How to write about personal subjects in a college essay

Your college admissions essay is all about giving admissions officers a peek into who you are. However, at the end of the day, admissions officers are judges of your skills, experience, and potential—not your therapists. This may sound harsh, but in order to write a successful college essay, you must be strategic about how much of your personal history you reveal.

Just like your high school English teacher might have told you to think of the books you read in school as potential essay-fodder, you should view your own past as a potential catalog of essay topics to draw from. This is admittedly a cynical perspective; you may want to let the admissions officers get to know you—the real you!!!

But that’s not what matters here. What matters is getting accepted and starting off your adult life as well as possible.

By setting limits on what you share about yourself, you can express yourself authentically while maximizing the chances of a success admissions paper.

How personal is too personal in a college essay?

So what should you write about, and what’s off limits?

According to Scribendi, one of the most common college essay mistakes is being personal to the point of appearing to seek pity. Admissions officers don’t admit students on a basis of past hardships. Instead, they seek to understand how your past has made you the person you are (a person which, it just so happens, will be a great addition to the campus culture they’re trying to cultivate).

The topic itself isn’t the only important thing. How you write about it is key, too. Admissions officers report that they want to see “positive spins” in the personal statements they read. (Once again, insert your cynicism here if you so please.)

If you’re reflecting on the events or circumstances that made you you, and are struggling to figure out how to possibly put a “positive spin” on it, then perhaps that isn’t the right thing to write about.

Wait a minute: What’s the difference between an event and a circumstance?

Both events and circumstances are crucial tools in your toolkit when choosing your college essay topic.

An event is any specific occurrence—something that happened once, or perhaps a handful of times—that served as a pivot point in your life. Think of an event as the great opportunity to demonstrate your growth by showing the before, the after, and the event that changed you for the better.

An essay-worthy event in your life may be:

  • The loss of a loved one
  • A significant failure (losing the big game)
  • A significant success (winning the big game)
  • An accident or injury
  • A special interaction with a special individual
  • An important trip

A circumstance, on the other hand, isn’t something that occurred just once. It is something that has been ongoing throughout your life, or was perhaps set in motion before you were born. Circumstances have shaped you over time. Maybe you’ve been dealing with these circumstances for months, years, or for as long as you can remember.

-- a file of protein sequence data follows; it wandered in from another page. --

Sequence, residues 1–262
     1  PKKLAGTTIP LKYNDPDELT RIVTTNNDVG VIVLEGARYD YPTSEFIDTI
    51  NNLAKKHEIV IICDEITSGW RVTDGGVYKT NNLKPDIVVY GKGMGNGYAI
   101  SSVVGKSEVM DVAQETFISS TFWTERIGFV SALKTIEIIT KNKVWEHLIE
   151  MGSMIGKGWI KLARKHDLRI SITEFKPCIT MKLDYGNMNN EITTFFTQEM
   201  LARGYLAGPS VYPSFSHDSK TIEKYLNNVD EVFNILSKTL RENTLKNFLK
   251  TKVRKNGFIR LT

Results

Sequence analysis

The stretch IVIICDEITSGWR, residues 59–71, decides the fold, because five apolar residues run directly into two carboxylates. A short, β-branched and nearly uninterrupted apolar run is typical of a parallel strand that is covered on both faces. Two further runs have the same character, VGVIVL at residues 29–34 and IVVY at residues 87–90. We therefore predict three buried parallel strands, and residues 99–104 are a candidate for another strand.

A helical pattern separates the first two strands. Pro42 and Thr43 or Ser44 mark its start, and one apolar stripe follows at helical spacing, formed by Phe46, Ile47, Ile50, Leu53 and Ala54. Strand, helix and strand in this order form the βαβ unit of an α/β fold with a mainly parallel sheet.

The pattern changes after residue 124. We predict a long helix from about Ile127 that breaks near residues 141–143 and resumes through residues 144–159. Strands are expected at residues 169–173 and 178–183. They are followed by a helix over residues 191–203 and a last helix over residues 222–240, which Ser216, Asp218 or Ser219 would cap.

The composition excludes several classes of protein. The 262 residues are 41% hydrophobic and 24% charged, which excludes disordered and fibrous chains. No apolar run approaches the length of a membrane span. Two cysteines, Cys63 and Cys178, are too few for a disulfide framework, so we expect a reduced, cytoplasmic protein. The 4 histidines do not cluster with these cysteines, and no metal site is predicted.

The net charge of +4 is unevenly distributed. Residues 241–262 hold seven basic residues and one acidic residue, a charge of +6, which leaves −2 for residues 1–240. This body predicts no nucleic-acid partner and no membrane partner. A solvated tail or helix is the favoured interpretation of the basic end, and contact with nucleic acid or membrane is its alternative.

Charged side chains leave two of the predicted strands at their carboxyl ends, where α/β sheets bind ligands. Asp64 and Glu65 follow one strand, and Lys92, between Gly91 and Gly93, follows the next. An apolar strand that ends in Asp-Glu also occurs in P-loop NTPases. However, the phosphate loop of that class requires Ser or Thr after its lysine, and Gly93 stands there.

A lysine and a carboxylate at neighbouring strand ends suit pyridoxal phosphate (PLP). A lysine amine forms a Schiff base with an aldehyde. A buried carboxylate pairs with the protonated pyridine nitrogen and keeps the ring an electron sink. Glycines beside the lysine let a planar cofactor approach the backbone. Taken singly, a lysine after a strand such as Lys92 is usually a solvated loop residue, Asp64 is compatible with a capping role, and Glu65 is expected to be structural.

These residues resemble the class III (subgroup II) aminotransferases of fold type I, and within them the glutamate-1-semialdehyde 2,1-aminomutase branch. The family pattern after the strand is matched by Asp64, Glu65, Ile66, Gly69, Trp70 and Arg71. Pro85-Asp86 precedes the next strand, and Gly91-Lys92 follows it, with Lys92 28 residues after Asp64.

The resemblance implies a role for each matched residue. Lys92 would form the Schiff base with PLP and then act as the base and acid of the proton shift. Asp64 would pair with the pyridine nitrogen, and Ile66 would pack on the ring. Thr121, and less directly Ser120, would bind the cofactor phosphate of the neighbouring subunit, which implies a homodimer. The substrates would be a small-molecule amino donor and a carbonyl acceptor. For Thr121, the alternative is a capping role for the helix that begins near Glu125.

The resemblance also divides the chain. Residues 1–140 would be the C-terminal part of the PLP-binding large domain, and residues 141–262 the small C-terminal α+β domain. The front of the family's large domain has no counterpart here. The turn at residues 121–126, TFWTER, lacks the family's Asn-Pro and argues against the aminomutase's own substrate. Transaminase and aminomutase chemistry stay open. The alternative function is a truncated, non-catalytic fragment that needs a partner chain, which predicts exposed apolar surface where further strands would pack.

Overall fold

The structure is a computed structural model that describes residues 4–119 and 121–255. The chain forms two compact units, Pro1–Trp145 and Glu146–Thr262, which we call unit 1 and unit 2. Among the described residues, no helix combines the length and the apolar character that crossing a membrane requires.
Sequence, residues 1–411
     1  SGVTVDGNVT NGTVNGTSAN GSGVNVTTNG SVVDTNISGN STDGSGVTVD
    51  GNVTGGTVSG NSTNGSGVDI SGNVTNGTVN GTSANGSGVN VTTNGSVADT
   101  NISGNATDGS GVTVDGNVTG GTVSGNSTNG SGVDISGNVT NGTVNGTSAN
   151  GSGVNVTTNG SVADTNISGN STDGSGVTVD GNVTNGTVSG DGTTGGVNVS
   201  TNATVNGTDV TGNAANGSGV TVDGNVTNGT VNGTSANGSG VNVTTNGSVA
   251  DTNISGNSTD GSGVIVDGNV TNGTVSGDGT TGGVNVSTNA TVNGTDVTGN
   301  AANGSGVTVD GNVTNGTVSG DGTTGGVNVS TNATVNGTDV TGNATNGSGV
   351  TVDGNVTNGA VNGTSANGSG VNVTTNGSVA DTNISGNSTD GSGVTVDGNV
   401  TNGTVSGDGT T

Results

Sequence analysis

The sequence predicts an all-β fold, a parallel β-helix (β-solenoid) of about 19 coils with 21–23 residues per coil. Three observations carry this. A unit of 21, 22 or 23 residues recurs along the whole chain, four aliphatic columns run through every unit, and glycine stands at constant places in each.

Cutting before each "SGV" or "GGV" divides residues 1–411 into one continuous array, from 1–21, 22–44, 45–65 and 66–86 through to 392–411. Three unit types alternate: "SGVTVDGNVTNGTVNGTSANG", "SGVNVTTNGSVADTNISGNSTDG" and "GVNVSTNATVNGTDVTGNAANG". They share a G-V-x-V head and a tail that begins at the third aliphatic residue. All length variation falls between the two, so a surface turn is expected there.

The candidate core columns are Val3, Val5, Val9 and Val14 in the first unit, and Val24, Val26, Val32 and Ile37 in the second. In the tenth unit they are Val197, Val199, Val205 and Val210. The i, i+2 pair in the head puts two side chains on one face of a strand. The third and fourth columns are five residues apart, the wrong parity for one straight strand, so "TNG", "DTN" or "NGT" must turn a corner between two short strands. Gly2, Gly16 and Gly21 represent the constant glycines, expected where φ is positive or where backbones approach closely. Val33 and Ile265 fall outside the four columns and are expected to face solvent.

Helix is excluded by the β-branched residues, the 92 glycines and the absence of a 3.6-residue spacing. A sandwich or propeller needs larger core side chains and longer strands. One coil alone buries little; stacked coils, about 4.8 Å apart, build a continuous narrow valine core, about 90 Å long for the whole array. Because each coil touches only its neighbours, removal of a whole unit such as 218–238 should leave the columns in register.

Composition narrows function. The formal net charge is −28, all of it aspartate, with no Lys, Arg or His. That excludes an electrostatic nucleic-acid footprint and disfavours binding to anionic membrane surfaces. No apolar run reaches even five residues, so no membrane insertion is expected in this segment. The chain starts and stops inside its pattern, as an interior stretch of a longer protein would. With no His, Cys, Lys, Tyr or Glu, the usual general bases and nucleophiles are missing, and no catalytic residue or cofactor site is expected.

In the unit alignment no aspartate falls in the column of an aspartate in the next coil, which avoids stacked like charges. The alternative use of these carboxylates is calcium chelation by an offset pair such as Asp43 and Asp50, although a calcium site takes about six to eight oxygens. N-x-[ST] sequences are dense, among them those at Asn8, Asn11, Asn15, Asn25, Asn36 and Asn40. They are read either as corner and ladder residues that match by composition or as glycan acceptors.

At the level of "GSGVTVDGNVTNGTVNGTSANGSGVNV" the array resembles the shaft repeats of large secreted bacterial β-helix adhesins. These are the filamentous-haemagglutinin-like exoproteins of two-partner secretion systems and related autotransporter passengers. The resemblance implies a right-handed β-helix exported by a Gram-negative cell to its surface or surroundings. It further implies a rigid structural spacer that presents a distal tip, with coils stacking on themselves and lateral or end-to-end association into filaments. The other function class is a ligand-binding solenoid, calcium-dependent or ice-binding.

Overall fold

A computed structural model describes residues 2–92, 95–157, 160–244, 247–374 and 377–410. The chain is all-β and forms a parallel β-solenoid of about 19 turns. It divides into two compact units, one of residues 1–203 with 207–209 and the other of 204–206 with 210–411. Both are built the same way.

An essay-worthy circumstance in your life may be:

  • Growing up without a key family member
  • Living with a disease or disorder
  • Living in poor economic conditions
  • Experiencing homelessness
  • Having a notably negative or positive long-term interpersonal relationship (romantic or otherwise)
  • Supporting someone in your life over a long period of time
  • Being given an amazing opportunity (such as studying/living abroad, being trained in a special skill, etc.)

To write a college essay that is perfectly personal—but not too personal—follow these tips:

  • Write down the ten most significant events or circumstances in your life. Pretend you’re a superhero; what’s your origin story?
  • Cross out any events or circumstances that you will struggle to put a “positive spin” on without sounding disingenuous
  • Follow our brainstorming guide to determine which remaining event or circumstance will allow you to most effectively answer the prompt

How to write about death in a college essay

In case you’re wondering, yes, you can write about death in your college essay. The passing of loved ones can be one of the most significant and life-changing things that has ever happened to you. If you’ve lost someone you were close to, it could have shaped large swaths of who you are as a person.

To effectively write about death in your personal statement, you should keep in mind that most college essays prompts care far more about your own growth or individual strength, rather than the depths of the hardships you’ve been through.

This is to say, don’t just discuss the details of your death and grief; discuss how these things shaped you.

How to write about religion in a college essay

Religion, similarly, can be an incredibly large part of who you are as a person. If religion is important to you, don’t feel like you need to hide it. However, keep in mind that the person reading (and evaluating) your essay may not share your religious beliefs.

To help them get the intended impact from your paper, remember to explain your beliefs without necessarily preaching them. Put another way, focus on explaining how your spirituality has allowed you to become the kind of person that your college would be thrilled to have on campus—rather than belaboring the explanation of your belief system itself.

This might sound like self-censorship. It’s not. Instead, this approach allows you to express yourself fully while still managing to satisfy the prompt and show admissions officers what they’re trying to see.

Check out these examples of great religious essays for inspiration.

More tips on how to write the perfect college essay:

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